There aren’t many guys out there who will fully commit to growing a full-on beard, most of us get to about an inch in length and think it looks too much then go to town on it with a number three guard shaver. This can not be said for William Fitzsimmons. The man has a more awesome Beard than King Beard of Beardland, if you imagine what Don King would look like if he was white and upside down you would be somewhere near! Upside-down-boxing-promoter comparisons aside, he also has quite a knack for writing the most emotionally fertile lyrics you will ever have the pleasure of hearing. 2010 saw the release of his last album Derivatives, which was a re-visit to some of his previous works with an electronic twist to give the songs a new unfound depth. Now in 2011 we are on the cusp of his latest musical release in the form of Gold in the Shadows which brings pastures new for the Pennsylvanian songsmith, not within his writing style but within the focus of his attentions. In his last few albums his attention was focused towards his problematic past, the pain of a break-up and his unconventional up bringing with blind parents, this time around he is focused on how to fix his problems. Being a full time therapist before his fame in the musical world has made this task quite easy indeed. We caught up with Mr.Fitzsimmons on the UK leg of his tour to ask about one of the biggest beards in music.
BR. Well the first thing I would like to say is what a very resplendent Beard you have, how long has it taken you to nurture such a fine facial ornament?
WF. Thanks very much. Honestly I'm not perfectly sure time-wise, as I'll have to trim it back every now and again so as not to scare children too much walking down the street. But I'd say it's probably right around a year at this point.
BR.When you come through an airport have you ever been pulled to one side in order to search your beard for foreign objects like guns, wildlife or the kitchen sink maybe?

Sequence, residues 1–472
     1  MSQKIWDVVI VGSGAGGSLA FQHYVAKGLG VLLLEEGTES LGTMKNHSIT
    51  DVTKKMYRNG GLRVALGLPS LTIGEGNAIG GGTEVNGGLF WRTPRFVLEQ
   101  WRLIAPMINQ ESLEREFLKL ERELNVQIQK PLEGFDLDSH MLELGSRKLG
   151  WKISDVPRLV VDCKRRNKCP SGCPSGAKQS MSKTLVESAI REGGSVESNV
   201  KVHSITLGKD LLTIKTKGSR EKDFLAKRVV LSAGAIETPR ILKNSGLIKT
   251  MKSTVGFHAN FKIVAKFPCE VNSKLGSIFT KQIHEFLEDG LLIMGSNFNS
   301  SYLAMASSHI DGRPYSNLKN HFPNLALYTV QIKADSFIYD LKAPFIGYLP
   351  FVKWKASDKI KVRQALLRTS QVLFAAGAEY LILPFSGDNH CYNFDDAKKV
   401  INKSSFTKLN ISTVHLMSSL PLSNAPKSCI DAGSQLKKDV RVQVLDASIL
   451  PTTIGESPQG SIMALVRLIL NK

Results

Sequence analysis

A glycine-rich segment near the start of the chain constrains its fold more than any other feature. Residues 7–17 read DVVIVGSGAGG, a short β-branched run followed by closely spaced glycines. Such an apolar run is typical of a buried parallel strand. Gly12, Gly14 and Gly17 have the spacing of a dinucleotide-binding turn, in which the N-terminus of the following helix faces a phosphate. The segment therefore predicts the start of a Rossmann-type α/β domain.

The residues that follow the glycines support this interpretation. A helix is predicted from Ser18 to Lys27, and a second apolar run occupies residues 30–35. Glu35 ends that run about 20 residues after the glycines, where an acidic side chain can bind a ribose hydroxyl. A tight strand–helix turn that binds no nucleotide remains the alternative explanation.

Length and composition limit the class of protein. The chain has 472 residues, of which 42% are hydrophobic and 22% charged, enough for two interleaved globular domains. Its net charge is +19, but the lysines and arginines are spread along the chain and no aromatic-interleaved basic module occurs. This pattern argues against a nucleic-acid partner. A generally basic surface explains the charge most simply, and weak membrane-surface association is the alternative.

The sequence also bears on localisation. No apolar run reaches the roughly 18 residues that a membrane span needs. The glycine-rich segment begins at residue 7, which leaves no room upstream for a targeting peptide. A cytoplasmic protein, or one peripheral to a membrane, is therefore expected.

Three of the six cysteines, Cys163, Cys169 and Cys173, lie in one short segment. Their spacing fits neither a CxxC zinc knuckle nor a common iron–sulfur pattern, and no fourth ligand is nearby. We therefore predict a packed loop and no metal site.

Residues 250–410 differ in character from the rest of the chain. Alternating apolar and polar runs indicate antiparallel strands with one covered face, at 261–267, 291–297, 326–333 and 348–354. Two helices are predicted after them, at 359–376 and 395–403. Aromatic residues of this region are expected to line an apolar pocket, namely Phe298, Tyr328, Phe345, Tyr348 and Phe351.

WF. Ah you know in fact I have several times, although I've been assured on every occasion it is a purely "random" occurrence that the guy with the crazy beard is standing there nearly nude with a metal detector running every inch of my body. Interestingly enough it seems to happen at Heathrow more than anywhere else I've been.
BR.In recent years, genre categorisation has reached new levels of craziness. So I always like to ask, how would you best describe your sound to someone who has never heard your music before?
WF. Yeah, genre in music seems to have gotten to a near critical mass in terms of inclusiveness (or exclusiveness, depending on how you look at it). From my perspective, what I'm doing is folk music, although in a pure sense, I doubt many people would imagine drum machines and electric guitars slipping into folk records too much. The soul of the music is confessional and confrontational, however, and instrumentation notwithstanding, that is the grist of folk music in any form.
BR.You always pour your heart and soul into your songwriting, do you find it hard to listen back to some of the music you have created in the past because of the memories that it harbours?
WF. The sincerely difficult part about writing in the manner and subject that I usually choose is continuous performance; night after night having to put myself into the psychological space of what the songs are really about. If I was one of those performers who can just turn it on and off when they enter and exit the stage it likely wouldn't be a big deal. But I believe that music of this nature should never be presented without total mindfulness for what is being communicated. So yeah, there are nights where it gets pretty heavy and some of those ghosts visit for longer than I wish they would.
BR. Could you give any advice to the budding bearded singer/songwriters of the world on how to create such personal and emotive songs?
WF. In my mind, great song-writing is a matter of forthright honesty and efficacy in communication. Of course those two things are easier said than done, and only rarely ever perfectly achieved. But the best advice I could ever give another writer is to constantly be willing to go further and deeper into the headspace that most people are terribly uncomfortable even admitting they possess. Those journeys into understanding our own darkness and ugliness are where most of the good song-writing stuff is.
BR.I have always thought that psychologists must see the rest of humanity differently to everyone else; does your background in psychology influence your approach to song writing at all?